1982 February: Atari Announces 5200 Super System “Club Centipede” Sizzle
1982 February (approx): Atari announced the ‘Super System’ Atari 5200. It also renamed the VCS the 2600. The 5200 was to be released in late 1982 for $349. The graphics and sound were to rival the Atari Home computers, mostly because it WAS one. There were new 8-directional joysticks, and there would be 10 games for the system at launch. The Super System was geared towards having much better looking and playing games than the VCS. This sizzle film for the home version of Centipede shows off the 5200 and just how close it’s graphics could get to the arcade original.
Continuing with the creative streak shown in the “2600 Virtual Reality” sizzle from earlier in 1982, this “cinematic”, music video inspired piece was quite stunning. By the way, this must be a sizzle film and not a commercial. The lingerie girl at the beginning and the “music video” style point towards this being an industry sizzle film for for Centipede. I mean, this is the same era that had “Electronic Games Magazine” put a “censored” bar over the lower-half of Pheobe Cates in an advertisement for the movie “Private School For Girls”. There is NO WAY I can believe that this was for public consumption. As always, I’m probably wrong.
By the way, did you know that the Atari Centipede coin-op was the first “UL Approved” coin-op game? I bet you didn’t!
1982 April: Sizzle film For Atari Dig Dug Coin-Op (licensed from Namco)
These coin-op sizzle films are cool because, where else could you see them? I mean the coin-op industry did not ever do much TV advertising, so the only place to see stuff like this is in archives like YouTube.com. According to the YouTube.com entry linked here, this film was designed by Y&R and shown in Movie Theaters. It won a Clio award in 1983.
1982: Atari 400 /Promotional Clip
As Atari continued to push its Home Computer line, it started to translate most of it’s arcade ports to the computers as well. In this clip for the Atari 400, Atari tried to push it’s cheapest home computer by showing that it was as easy to set-up as a “video game”, and had a lot of software including the games Space Invaders, Star Raiders, Missile command, and the recently released Pac-Man. The appears to be a promotional video shown that would be shown in a kiosk or video player in-store to get consumers interested in the computer, and not an actual commercial.
Here is a similar video created to describe the features of the Atari 810 disk drive.
…and a similar one for the 820 Printer
and a still similar one for the 825 Printer.
The Atari Home Computer line included a full range of peripherals that were easy to use and set-up using a system of of “plug and play” interface cables. This was unlike most other computers at the time (like the Apple II and IBM PC) that were “open” and daunting to consumers as they seemed to require an advanced degree in engineering to configure.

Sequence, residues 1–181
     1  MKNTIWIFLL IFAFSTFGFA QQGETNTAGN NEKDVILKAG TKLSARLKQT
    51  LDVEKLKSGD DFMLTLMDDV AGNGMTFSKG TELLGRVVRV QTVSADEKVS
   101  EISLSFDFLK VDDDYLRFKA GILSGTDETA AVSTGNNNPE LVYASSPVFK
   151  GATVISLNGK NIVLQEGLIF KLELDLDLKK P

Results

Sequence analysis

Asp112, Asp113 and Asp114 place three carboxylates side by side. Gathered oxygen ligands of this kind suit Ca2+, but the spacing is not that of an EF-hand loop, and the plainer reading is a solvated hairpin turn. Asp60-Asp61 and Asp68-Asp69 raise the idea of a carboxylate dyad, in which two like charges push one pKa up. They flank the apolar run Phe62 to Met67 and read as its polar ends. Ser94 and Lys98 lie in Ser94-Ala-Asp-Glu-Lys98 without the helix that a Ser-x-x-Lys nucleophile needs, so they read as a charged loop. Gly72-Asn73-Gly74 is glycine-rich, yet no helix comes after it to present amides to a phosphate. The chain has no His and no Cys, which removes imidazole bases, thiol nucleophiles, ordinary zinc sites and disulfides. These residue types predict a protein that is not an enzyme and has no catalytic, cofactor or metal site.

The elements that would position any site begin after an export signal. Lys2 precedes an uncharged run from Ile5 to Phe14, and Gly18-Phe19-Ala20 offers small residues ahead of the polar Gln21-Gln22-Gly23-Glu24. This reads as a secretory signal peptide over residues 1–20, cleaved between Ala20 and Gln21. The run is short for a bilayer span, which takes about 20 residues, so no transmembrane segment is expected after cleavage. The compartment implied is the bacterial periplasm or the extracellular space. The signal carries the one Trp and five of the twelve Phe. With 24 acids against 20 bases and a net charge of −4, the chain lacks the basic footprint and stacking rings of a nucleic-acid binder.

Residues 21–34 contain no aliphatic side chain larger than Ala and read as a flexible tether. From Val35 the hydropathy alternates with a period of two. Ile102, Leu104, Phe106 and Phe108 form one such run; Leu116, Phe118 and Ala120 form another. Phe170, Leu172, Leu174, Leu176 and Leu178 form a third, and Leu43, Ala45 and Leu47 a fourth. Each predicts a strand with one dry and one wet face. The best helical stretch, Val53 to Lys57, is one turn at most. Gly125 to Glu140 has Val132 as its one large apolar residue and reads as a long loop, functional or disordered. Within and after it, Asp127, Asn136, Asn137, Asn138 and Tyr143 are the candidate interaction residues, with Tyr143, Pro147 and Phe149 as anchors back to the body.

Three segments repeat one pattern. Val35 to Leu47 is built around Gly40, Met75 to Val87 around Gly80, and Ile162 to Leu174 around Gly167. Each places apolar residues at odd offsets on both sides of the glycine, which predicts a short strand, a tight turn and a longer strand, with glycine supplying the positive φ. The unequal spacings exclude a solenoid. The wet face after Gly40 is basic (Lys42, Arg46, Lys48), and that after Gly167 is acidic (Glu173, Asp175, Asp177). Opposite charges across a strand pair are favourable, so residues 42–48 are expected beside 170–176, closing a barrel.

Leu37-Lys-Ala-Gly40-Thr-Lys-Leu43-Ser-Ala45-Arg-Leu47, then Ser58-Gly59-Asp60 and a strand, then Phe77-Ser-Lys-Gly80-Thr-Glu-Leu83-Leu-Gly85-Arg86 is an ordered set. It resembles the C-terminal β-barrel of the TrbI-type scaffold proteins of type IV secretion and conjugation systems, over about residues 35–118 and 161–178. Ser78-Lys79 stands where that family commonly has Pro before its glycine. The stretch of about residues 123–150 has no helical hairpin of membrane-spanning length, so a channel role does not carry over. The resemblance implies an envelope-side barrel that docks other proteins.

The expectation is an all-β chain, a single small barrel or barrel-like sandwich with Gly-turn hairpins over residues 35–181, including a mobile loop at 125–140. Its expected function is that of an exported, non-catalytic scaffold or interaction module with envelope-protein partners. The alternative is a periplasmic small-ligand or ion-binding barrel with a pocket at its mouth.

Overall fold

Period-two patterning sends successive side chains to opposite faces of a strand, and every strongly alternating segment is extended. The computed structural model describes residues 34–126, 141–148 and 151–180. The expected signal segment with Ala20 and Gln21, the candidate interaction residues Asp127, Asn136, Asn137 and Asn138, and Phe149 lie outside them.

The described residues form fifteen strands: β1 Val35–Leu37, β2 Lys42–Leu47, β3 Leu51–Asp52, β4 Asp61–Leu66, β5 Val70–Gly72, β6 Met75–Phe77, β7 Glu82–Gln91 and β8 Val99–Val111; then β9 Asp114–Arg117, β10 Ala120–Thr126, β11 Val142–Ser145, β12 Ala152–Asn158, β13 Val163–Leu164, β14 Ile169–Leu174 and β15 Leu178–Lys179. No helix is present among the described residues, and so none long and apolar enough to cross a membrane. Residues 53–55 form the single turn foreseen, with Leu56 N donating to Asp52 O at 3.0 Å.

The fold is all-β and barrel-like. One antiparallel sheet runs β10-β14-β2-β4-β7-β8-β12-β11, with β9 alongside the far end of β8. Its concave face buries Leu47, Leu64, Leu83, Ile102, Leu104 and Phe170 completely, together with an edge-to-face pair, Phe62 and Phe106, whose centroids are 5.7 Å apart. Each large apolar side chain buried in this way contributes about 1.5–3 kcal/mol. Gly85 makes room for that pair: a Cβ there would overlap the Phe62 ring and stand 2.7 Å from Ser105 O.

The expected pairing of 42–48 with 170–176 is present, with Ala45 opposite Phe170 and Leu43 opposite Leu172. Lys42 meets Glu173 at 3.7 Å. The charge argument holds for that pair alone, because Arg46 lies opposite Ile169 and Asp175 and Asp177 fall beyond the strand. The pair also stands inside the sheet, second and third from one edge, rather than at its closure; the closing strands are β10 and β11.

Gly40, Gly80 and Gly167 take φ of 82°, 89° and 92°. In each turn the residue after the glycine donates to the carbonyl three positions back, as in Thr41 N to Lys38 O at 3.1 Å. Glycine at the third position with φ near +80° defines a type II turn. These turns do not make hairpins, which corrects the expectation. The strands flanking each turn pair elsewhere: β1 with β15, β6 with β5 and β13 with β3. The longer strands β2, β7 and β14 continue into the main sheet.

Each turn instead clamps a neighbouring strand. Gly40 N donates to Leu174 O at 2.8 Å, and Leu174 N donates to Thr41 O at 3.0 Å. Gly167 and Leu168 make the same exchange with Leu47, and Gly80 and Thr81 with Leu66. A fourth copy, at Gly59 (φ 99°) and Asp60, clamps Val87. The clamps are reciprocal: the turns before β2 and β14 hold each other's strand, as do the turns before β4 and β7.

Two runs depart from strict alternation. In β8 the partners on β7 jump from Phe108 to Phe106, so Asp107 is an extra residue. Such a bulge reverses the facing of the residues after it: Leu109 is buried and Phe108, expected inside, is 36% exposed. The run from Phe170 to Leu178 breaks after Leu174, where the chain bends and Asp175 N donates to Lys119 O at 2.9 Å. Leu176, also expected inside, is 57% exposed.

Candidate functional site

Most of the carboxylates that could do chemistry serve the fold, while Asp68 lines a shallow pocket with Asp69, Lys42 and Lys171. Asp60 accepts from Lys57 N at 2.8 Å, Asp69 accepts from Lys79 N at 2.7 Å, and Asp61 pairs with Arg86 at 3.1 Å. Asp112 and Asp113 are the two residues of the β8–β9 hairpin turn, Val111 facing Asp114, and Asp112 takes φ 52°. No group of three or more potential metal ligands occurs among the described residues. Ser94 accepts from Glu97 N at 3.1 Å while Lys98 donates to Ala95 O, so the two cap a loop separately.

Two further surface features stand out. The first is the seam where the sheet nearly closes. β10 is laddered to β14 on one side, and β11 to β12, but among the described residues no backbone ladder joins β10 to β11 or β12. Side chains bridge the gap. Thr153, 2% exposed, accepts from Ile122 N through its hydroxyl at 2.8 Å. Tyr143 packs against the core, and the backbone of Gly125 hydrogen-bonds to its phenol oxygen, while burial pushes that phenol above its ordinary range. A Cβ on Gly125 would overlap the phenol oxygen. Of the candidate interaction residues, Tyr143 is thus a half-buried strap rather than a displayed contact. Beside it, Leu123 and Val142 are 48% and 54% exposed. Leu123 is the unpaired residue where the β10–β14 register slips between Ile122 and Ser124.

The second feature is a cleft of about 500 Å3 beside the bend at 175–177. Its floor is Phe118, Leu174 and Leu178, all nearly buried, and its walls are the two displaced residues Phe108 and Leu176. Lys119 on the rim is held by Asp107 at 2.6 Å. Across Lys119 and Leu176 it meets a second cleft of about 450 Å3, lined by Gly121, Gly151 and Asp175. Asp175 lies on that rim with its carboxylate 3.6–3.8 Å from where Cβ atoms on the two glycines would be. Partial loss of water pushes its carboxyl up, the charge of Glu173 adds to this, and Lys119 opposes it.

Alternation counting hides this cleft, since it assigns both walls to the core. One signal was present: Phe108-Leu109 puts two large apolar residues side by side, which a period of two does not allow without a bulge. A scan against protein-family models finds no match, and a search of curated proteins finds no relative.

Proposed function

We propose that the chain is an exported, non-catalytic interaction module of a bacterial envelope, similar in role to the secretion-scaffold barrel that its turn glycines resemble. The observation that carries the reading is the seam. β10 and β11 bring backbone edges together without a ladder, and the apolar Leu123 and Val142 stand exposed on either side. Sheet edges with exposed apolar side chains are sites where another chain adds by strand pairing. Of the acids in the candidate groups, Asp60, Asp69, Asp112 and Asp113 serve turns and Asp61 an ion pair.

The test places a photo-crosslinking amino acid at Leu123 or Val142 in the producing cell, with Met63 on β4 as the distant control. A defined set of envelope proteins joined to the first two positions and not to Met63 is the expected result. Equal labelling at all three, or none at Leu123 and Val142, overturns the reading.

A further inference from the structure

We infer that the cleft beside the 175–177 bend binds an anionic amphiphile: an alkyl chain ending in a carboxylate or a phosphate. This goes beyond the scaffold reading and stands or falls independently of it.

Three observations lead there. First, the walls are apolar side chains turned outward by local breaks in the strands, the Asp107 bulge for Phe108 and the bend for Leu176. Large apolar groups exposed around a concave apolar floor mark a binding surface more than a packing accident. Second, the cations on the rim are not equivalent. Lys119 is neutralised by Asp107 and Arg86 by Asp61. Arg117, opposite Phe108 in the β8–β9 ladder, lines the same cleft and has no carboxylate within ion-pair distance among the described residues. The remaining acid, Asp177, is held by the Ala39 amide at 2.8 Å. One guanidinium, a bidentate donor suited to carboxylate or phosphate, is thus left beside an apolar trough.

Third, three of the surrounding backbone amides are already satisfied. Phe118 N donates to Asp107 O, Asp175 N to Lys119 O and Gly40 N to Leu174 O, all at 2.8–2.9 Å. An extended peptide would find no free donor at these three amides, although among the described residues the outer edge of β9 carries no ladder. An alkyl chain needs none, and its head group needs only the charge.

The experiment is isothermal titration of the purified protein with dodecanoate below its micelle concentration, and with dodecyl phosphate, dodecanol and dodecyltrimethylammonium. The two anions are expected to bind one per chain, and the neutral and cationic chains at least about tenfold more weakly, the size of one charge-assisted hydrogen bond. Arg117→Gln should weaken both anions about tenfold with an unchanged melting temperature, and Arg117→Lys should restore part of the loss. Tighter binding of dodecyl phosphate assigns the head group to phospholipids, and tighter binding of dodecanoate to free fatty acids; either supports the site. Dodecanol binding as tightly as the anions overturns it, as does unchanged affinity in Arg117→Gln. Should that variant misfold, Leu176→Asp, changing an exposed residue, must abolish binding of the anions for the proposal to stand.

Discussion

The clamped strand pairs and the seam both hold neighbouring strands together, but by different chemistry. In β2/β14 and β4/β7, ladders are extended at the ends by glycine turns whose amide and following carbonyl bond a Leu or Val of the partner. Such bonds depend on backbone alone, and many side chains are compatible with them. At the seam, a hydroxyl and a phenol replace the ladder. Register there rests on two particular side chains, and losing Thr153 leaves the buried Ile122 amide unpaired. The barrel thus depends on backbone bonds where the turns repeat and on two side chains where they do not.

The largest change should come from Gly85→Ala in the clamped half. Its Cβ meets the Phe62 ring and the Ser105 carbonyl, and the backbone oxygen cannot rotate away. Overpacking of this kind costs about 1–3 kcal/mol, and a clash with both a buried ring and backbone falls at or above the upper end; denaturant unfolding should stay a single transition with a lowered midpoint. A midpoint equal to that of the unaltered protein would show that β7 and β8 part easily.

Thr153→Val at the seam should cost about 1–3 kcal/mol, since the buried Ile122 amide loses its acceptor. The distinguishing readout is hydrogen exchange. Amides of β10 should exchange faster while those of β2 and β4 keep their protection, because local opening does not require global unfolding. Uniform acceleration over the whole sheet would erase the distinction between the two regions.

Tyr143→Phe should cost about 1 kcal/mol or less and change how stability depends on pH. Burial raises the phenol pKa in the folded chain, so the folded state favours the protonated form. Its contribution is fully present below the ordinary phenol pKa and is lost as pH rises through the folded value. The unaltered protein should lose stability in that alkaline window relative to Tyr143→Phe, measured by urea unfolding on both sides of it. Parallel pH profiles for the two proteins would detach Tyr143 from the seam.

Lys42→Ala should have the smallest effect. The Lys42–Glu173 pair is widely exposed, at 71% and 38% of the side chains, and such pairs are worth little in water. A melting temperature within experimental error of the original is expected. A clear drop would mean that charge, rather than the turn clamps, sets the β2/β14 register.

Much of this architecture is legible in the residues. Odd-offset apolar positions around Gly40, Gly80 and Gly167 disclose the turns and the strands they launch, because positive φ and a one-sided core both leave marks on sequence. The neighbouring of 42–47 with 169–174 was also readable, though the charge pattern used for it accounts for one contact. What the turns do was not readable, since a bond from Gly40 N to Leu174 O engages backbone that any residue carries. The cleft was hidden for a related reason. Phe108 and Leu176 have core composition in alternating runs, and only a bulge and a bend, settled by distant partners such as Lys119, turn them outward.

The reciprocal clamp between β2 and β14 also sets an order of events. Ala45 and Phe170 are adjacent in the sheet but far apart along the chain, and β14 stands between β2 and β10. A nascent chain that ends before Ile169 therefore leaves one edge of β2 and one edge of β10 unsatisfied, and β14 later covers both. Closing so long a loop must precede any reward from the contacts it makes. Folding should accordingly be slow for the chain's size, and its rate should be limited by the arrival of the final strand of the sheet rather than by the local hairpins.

1982 May: Yar’s Revenge Commercial
“Yar’s Revenge” was one of the great Atari 2600 games. It took what was basically a limitation of the 2600 (the limited number of on-screen objects) , and turned it around to make a compelling game. “Yar” refers to Atari President “Ray Kassar”, as it is “Ray” spelled backwards. Yar’s Revenge was released in May of 1982
1982 First Half: Defender 2600 Coming Soon
Defender was another licensed game for the VCS (now 2600) that really disappointed fans. It played OK, but the fact that the ship “disappeared” every time you fired your laser was inexcusable. This would not have been a great a problem if Activision had not released “Chopper Command” for the 2600 at just about the same time, which was essentially “Defender”, it looked and played as good as any coin-op arcade game of the day.
This commercial also contains clips of Space Invaders, Pac-Man, Asteroids, Missile Command, and Breakout. Defender was released in June of 1982, so this commercial was probably aired before that time.
Here is the commercial for Chopper Command by Activision. Notice how much better they executed a “Defender-like” gane when they did not have to deal with the demands of Atari management.
1982 Summer: Atari/McDonald’s Game Commercials
In the late summer if 1982 McDonald’s ran an Atari “scratch and win” game promotion. All manner of Atari products (video games, computers, etc) were available to win. Below are a couple commercials from that promotion:
Personal Anecdote: My brother Jeff and I haunted the local McDonald’s that summer, looking for game cards in the trash, on trays that people forgot, on the ground in the parking lot, etc. We must have found/scratched nearly 500 cards, and we won…absolutely nothing!
1982 August: Atari 2600 Berzerk Commercial
Atari 2600 “Berzerk” was an awesome translation of a rather boring game, especially without the digitized sound from the arcade.
Personal Anecdote: It still bought it though, and gladly paid $39.99 for the privilege. At this time, I recall a mounting sense of “buyer’s remorse” for nearly every for Atari 2600 game I purchased, and this one ranks high in that category.